Resources for Maine Public Officials & Dedimus Justices.
An excerpt from:
"The Governor, with the advice and consent of the Council may appoint in each County, persons before whom oaths required by the constitution to qualify civil officers may be taken and subscribed."In the Index is found "Dedimus Justice" and a reference to this act; the word Dedimus nowhere appears in the text of the Statute. No one that I have found knows anything of its history. Its name clearly indicates an old law Latin writ beginning "Dedimus potestatem." Maine was a part of Massachusetts prior to 1820 but no such office is known in the jurisprudence of Massachusetts. Whether there was a Statute of this sort applicable to Maine alone before its erection into a State I have not ascertained, but one of the Justices of the Massachusetts Supreme Judicial Court informs me that neither he nor one of his brethren whom he consulted knows anything of this office in Massachusetts. One of the Dedimus Justices has kindly allowed me to copy his commission which I give herewith.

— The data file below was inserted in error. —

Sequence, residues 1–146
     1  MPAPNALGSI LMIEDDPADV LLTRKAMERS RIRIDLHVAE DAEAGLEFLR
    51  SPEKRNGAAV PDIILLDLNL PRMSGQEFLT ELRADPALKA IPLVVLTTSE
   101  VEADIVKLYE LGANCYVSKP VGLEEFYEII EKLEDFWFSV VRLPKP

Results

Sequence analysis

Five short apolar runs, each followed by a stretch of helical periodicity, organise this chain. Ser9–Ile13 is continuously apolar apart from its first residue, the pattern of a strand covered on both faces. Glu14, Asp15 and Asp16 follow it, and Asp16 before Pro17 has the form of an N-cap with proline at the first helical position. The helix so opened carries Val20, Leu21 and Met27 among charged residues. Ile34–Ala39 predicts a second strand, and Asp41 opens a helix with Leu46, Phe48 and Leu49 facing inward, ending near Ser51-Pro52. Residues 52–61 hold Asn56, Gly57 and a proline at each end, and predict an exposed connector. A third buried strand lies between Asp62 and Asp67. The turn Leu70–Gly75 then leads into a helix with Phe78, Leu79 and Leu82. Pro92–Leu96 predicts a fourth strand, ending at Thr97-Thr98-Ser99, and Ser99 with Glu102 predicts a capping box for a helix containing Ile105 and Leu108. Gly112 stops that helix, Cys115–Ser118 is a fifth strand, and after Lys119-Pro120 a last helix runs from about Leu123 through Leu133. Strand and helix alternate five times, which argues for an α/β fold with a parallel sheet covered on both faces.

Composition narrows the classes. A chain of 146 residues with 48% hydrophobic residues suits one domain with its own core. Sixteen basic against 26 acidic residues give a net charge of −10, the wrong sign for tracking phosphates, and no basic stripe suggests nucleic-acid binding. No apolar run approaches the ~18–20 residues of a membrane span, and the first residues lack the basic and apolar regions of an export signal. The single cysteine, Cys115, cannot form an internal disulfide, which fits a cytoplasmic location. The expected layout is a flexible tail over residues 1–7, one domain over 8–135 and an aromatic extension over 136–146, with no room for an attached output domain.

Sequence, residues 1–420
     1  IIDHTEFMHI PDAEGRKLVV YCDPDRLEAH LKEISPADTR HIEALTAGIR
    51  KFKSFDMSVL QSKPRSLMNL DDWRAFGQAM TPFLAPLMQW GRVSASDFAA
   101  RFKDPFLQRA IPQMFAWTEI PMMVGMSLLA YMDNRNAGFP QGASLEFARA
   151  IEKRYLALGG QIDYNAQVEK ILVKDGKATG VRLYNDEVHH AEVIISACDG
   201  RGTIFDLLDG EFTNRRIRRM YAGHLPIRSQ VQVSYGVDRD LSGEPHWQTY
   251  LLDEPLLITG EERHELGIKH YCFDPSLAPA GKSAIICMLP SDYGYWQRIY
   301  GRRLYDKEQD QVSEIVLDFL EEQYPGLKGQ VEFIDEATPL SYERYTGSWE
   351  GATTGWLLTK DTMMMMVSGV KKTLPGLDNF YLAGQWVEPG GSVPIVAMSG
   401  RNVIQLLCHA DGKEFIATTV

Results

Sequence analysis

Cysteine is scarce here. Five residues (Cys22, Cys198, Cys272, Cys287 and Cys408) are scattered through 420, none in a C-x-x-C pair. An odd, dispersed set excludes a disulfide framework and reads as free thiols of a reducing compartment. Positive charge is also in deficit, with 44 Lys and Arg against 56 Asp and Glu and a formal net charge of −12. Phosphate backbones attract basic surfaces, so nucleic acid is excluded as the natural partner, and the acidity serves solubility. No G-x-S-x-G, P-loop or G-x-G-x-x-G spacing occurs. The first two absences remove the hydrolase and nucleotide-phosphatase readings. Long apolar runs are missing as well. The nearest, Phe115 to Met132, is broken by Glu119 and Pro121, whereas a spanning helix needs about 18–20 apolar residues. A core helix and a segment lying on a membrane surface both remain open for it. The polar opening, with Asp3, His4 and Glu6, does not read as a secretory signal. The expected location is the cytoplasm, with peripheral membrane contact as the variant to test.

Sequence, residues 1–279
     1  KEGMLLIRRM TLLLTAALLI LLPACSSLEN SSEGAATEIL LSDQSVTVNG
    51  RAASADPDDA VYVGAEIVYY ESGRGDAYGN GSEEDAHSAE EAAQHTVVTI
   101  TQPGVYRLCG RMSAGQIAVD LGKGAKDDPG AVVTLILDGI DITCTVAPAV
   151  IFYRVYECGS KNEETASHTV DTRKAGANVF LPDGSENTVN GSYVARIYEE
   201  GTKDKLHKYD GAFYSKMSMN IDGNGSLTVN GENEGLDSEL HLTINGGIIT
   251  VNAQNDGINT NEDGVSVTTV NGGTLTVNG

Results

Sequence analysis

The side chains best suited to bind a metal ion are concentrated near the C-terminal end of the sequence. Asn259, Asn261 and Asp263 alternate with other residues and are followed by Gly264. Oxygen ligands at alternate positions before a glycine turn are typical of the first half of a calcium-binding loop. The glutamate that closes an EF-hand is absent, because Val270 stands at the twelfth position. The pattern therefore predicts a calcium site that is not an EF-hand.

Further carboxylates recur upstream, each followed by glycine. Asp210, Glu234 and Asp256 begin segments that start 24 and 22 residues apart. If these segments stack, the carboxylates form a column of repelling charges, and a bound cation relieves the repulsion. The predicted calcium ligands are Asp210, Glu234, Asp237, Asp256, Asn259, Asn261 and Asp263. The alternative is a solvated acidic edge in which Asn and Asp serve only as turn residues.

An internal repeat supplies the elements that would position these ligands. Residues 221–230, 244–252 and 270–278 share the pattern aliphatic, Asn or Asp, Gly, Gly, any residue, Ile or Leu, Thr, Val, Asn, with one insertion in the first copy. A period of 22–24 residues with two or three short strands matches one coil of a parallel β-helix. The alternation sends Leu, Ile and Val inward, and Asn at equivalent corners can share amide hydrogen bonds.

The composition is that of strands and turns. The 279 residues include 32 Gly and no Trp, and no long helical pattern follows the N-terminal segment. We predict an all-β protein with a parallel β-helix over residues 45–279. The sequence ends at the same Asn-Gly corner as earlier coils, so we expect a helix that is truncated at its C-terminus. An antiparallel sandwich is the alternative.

STATE OF MAINE
I do not understand that Dedimus Justices have any trial powers or even that they can take acknowledgment of deeds, or do other ministerial acts which are usually performed by Justices of the Peace. Their powers seem to be limited to administering oaths to civil officers.
The above was written several years since and laid aside but recently I have found in the Leavenworth Genealogy, page 158, that Dr. David Leavenworth of Great Barrington, took the oath of office as a Justice of the Peace before Moses Hopkins and Gen. John Whiting, thereunto empowered by a "Dedimus potestatem." This was June 18 1819 the year before Maine became a State.
Blackstone says, Vol 1 page 352--
So it appears that, in the earlier days, Massachusetts which included Maine, copied this usage from England, and that in Maine they issued the writ to persons who might at any time be applied to, to administer the oath rather than have an application necessary on each particular occasion.
So the whole question appears to be answered. Still so far as I know, Maine is the only State which retains this office or custom. In most, if not all, of the other States any magistrate or notary has the power to administer an oath of office.
FREDERICK J KINGSBURY